This was a highlight. In terms of visuals, I think it’s the most amazing thing I’ve seen in Rome so far. It’s a large room lined with paintings. The ceiling, and one full wall are paintings (frescos) by Michelangelo. The painting on the wall is the famous Last Judgement, and the ceiling has a ton of paintings, including one of the two most replicated religious paintings of all time: The Creation of Adam (the other is, of course, Da Vinci’s painting of The Last Supper). It was surreal, and a bit unbelievable, to look up and see the original iconic painting above my head.
I don’t have any pictures of the inside of the Sistine Chapel because we were not allowed to take any. But Google will show you plenty of images of all the paintings. We were asked to be very quiet while we were in there as well. At one point, a priest came in and led us in a prayer, in several different languages!
We exited the chapel, following advice that Sarah found online, through a door that was “for tour groups only”. We weren’t a part of a tour group, but we walked out the door with one and nobody asked any questions! This exit skipped some of the last of the museums, but took us directly to our final destination: Saint Peter’s Basilica!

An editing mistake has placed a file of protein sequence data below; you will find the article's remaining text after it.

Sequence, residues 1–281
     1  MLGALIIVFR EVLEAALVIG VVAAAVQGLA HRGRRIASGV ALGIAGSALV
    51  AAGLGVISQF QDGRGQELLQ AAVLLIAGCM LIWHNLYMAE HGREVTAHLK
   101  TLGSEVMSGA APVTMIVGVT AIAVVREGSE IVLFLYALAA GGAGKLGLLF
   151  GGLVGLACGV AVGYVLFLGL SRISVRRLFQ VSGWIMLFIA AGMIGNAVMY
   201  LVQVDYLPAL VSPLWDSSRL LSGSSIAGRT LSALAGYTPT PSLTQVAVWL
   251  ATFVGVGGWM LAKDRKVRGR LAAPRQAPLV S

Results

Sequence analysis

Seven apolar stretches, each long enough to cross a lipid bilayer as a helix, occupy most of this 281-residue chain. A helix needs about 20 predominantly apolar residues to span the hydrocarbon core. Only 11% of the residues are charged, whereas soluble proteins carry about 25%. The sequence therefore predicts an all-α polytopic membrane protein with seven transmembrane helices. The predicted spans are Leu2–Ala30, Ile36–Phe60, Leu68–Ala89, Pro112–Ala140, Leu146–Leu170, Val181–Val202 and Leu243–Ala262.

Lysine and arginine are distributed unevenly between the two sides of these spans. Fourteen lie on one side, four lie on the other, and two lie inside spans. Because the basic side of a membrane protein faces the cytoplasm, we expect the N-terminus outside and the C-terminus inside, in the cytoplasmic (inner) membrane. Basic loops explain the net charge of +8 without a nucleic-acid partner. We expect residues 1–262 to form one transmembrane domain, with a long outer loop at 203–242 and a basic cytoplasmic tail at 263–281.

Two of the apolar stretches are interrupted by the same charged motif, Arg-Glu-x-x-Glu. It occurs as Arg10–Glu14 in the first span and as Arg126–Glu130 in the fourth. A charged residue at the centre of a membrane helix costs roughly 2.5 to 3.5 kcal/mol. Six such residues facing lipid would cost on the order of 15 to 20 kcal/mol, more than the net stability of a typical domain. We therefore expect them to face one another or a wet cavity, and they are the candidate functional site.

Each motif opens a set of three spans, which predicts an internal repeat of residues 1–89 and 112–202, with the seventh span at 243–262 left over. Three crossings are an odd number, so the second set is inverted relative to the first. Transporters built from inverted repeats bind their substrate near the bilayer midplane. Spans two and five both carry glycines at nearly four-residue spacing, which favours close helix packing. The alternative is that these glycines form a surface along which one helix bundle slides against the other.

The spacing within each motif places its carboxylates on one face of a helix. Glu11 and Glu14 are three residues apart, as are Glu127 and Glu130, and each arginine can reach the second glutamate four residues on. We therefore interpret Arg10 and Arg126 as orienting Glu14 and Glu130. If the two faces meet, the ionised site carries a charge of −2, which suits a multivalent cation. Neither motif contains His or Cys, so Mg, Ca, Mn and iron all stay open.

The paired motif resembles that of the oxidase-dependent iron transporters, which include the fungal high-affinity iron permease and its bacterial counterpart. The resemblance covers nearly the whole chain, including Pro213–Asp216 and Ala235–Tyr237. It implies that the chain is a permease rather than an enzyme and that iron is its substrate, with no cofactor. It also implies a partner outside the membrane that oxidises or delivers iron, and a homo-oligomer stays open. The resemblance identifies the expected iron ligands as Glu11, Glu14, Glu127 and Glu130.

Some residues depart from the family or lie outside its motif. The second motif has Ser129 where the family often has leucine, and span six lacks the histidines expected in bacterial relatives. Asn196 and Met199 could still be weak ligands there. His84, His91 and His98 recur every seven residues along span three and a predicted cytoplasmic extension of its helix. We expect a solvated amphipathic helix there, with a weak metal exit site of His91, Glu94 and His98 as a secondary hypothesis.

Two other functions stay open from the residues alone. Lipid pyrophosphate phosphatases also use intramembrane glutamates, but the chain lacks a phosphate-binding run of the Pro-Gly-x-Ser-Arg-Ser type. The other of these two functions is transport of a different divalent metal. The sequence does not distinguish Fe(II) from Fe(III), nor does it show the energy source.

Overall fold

Saint Peter’s Basilica is the largest church building in the world. And it is absolutely huge! We went to see a big basilica last night, and it sure seemed big while we were there. Well, Saint Peter’s dwarfed it. And it was decorated everywhere. The floors had beautiful mosaics, the walls had sculptures, there were six domes over the aisles with paintings and mosaics on the inside. And then there is the main dome over top of the altar, which is 137.7 feet (42m) in diameter, and rises 448.1 feet (136.57m) off the ground, making it the highest dome in the world. Saint Peter’s is also the tallest building in Rome, as no other building is allowed to be taller.
There were so many amazing things in the basilica. One was another piece of artwork by Michelangelo. A sculpture this time: the Pietà. It was breathtaking.